Their eyes met and Livia watched as the anger reappeared to make them hard. But the anger melted again almost instantly when an older man eagerly pushed open the church’s front door.

  “My congregation is from the retirement community apartment building next door,” Cole explained. “We do a midnight mass every Wednesday for them. I’m sort of practicing being a priest. I know that’s not how it is done, but Father Callahan is very unconventional. He wants me to experience the whole process before making a lifetime commitment. I guess I’m young blood for the retirement community who support me very much. They’re willing to be my experimental congregation. They enjoy the clandestine meetings that give me a boost in my confidence. Not that this is any of your business.”

  As his friends entered, he finally went forward like a proud mayor, touching parishioners’ shoulders and calling them by name. He teased the men and flirted with the women. A few of the people who entered had some sort of mobility problem. No wonder the column moved slowly. Cole guided wheelchairs and held arms in support.

  Unlike a line at an amusement park, these people waited with serene peace. They were used to waiting and obviously loved Cole like he was their own child. Livia made a decision and walked out the door.

  “Hi, I’m Livia. Can I help you to your seat?” she asked a woman in a wheelchair.

  The lady smiled with her whole, crinkled face. “Yes, dear, aren’t you beautiful? I’m Bea, and I park next to the third pew on the left.”

  Cole froze as Livia pushed Bea into the foyer. After a moment he nodded once in her direction and went back to tending his flock. Livia looked at the long train stretching out into the night and decided her sister needed to pitch in. Livia waved to the waiting parishioners as she headed out to the parking lot. A filthy song bled out from around the windows as she banged loudly on Kyle’s roof. Kyle jumped and glared.

  Kyle hit the automatic window button and turned down the radio at the same time. “What the hell, Livia? You scared the shit outta me.”

  Livia’s eyes bugged at her sister’s comment. “Kyle McHugh, why would you play that horrible song outside a church? Who taught you your manners?”

  Kyle closed her phone and gave Livia the finger. “You did. So don’t act all high and mighty. And last time I checked this church was empty.”

  Livia stepped aside so Kyle could see the line of people on the sidewalk behind her.

  “Holy crap, what’s happening here? An emergency bingo meeting?” Kyle asked loudly.

  Livia shushed her. “Just get out and help me. It’s midnight mass.”

  Kyle got out and walked at Livia’s side toward the building. “I’m sorry? Midnight mass? Did Christmas Eve just sneak up and bite me on the ass?”

  Livia squeezed Kyle’s arm in the way she hated. “Just help me get them inside.”

  To Kyle’s credit, she followed Livia’s lead and they became mobility’s version of a bucket brigade. Kyle was welcoming and friendly from the door of the retirement complex to halfway up the sidewalk where Livia took over. Livia made small talk and introductions until she met Cole at the church door. Cole’s eyes grew softer every time he saw Livia with another church member. As the last patron made his way through the church doors, Kyle pulled Livia aside.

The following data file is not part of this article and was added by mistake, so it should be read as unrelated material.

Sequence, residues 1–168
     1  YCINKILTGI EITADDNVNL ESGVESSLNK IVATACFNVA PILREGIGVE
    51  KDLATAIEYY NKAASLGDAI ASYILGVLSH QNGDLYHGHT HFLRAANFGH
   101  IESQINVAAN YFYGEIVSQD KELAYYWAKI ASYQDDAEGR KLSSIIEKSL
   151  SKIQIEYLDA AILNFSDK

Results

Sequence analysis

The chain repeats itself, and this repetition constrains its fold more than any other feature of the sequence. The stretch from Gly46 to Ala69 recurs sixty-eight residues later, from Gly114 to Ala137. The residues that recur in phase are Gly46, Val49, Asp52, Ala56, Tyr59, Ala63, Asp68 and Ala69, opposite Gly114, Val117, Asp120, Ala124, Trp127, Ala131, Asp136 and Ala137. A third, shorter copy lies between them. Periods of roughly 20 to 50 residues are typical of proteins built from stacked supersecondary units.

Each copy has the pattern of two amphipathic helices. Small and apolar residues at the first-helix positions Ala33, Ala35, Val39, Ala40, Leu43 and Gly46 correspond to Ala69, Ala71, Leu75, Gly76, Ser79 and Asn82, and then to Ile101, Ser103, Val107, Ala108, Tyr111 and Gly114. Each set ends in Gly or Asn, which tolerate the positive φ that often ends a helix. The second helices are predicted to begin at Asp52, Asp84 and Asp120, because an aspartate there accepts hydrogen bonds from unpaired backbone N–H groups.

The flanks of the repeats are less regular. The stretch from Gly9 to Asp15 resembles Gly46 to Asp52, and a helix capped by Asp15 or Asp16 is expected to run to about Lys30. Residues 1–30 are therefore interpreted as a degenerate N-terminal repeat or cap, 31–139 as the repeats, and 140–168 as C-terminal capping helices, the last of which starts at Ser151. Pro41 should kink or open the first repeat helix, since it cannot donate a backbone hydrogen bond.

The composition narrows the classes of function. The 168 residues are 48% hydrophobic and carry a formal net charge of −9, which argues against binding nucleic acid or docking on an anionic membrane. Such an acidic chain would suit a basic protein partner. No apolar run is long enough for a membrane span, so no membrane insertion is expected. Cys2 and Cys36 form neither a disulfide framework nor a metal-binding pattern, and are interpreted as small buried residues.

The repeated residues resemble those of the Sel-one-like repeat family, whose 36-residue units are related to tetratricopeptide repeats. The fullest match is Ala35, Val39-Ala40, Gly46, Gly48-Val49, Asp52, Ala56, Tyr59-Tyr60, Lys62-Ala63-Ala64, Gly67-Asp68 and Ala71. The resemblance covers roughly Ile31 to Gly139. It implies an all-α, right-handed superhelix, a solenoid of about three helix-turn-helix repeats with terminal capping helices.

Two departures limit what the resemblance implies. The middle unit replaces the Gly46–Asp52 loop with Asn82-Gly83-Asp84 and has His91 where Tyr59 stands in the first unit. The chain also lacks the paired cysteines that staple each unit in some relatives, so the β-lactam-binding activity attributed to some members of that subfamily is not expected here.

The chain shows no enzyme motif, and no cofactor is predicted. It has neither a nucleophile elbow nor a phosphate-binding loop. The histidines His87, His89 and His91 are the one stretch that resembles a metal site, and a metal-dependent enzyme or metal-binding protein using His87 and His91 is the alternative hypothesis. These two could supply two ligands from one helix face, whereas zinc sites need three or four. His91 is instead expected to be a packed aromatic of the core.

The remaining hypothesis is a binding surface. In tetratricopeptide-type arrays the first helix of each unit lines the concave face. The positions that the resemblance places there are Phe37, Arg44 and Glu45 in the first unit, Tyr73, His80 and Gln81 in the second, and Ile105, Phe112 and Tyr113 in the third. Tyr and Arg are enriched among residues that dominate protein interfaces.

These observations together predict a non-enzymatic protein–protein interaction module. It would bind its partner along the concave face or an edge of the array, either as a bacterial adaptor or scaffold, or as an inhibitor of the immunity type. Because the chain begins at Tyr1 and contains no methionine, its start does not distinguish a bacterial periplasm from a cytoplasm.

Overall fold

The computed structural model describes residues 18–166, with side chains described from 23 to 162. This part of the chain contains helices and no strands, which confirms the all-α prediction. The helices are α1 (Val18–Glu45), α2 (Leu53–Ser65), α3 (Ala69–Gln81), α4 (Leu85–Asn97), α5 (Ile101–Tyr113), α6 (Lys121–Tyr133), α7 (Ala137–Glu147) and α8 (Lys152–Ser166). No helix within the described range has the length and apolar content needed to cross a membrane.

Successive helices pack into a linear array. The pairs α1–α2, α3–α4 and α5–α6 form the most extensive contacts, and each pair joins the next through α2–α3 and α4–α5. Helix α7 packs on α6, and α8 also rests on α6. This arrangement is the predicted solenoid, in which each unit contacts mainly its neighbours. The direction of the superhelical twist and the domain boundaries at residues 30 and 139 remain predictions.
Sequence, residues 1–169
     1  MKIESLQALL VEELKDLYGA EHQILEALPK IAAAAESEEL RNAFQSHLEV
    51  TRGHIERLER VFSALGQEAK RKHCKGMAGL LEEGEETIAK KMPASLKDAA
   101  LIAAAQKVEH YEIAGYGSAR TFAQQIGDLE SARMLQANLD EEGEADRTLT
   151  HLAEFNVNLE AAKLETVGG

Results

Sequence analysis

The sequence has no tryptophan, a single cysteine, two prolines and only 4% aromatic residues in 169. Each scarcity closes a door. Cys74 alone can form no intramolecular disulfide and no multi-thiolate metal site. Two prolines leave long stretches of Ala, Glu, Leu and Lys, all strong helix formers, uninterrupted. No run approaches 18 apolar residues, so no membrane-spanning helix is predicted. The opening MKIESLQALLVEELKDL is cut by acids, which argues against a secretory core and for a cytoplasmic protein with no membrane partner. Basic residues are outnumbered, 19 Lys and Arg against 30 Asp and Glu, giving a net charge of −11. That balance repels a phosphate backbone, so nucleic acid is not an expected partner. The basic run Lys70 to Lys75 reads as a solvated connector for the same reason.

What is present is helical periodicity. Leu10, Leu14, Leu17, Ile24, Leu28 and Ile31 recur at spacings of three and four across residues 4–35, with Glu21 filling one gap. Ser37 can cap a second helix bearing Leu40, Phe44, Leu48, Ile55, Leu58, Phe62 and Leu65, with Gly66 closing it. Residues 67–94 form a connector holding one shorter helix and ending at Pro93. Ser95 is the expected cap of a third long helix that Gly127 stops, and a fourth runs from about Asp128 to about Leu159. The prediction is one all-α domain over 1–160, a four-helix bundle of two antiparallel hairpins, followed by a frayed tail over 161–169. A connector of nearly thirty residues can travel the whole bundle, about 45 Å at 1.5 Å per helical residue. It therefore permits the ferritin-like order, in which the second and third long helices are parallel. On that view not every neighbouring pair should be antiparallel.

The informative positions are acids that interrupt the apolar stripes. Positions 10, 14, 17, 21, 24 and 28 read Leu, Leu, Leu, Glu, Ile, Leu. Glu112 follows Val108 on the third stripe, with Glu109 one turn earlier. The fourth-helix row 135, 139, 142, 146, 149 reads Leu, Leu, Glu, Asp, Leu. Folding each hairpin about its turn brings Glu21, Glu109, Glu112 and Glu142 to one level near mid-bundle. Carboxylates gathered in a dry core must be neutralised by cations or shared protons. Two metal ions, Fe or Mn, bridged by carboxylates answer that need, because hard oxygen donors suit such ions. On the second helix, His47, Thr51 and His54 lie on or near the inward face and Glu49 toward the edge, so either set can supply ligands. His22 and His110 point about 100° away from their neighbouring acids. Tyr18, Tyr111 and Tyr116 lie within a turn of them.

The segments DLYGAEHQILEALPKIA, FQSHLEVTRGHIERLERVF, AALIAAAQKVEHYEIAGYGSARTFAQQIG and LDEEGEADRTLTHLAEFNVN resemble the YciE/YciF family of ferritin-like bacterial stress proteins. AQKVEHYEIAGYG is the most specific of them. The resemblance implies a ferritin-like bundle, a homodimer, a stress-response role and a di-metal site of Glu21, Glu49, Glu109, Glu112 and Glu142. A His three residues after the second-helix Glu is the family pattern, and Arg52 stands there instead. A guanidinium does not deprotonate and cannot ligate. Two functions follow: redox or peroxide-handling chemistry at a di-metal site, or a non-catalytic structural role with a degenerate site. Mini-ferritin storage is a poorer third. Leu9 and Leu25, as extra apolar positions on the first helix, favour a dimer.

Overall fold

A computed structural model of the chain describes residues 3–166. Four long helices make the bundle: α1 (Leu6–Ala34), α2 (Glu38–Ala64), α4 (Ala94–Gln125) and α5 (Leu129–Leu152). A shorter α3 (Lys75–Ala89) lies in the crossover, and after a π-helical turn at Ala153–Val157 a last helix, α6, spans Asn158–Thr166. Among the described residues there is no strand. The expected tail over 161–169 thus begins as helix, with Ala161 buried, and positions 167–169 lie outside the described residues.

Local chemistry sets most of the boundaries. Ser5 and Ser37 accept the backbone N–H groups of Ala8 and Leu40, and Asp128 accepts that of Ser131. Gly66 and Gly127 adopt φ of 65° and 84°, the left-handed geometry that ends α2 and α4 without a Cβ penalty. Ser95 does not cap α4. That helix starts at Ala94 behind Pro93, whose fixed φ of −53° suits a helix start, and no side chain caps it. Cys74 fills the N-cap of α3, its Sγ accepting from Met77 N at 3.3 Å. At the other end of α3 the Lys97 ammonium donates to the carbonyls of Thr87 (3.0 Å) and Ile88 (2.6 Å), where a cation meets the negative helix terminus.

“Please don’t make me go in the church. I don’t want to go to mass.” Her eyes were frantic.

  “Kyle, we went to eight years of Catholic school. You can handle one little mass.” Livia reached for her sister’s arm again.

  Kyle skittered away. “Livia, I’m positive that church will blow up all action-movie style if I put one toe in the door. I haven’t been such a perfect Catholic school girl.”

  Livia held her palms open in disbe
lief. “What have you been up to? I swear we’re having a long conversation as soon as this night’s over.”

  Kyle continued as if Livia had not spoken. “And also the old people are freaking me out. They smell like moth balls, one guy pinched my ass, and I think that last one…” Kyle peeked around Livia to give last gentleman in line a smile and a little wave. “He just crapped his pants.” Kyle’s whisper had gotten squeaky.

  Livia rolled her eyes. “You’re ruining the beauty of the moment. Fine. Go back to the car, but play some less hellish music. No cursing.”

  Kyle kissed Livia on the cheek and skipped off to her car. Livia closed the church doors and scanned the room for a spot. Bea had a space next to her just Livia’s size, so she waved and smiled her way to the seat.

  Bea was still in a chatty mood. “Livia, what brings you to our little clandestine service? It’s not advertised.” Bea had put on pearls and makeup for the occasion.

  “I had to give a message to Cole,” Livia leaned in to explain. “I had no idea this went on in the middle of the night.”

  Bea practically glowed as she looked at Cole. “This little church has been so lucky to get Mr. Cole. He’s like our adopted son. He has yet to choose a path for certain, but we really like to let him feel how proud we all are of him.” Bea nodded in the direction of the altar door. As if on cue, another older man entered, dressed in priest’s vestments. “I’m surprised Cole let you stay. What we do here is slightly unconventional.” Bea looked suspicious and in-the-know at the same time.

  “I’m in love with his brother.” Saying this out loud to Bea felt like jumping out of an airplane—thrilling and irreversible. In that instant Livia knew her love for Blake was as real as the church walls around her.

  Bea took in Livia’s face with wise eyes. “Why, yes. Yes you are.”

  The old woman patted Livia’s hand with her cold, soft one. On impulse Livia grasped Bea’s hand to warm it.

  Bea smiled again. “You’re a nice girl, Livia. Love is sacred. Hold onto it. I know a lot at my age. Everything else fails you—money, possessions, sex. But love never fails.” Bea touched a locket around her neck with her free hand. “Would you like to see my Aaron? You’ll have to help me. I can’t work these hands so well anymore.”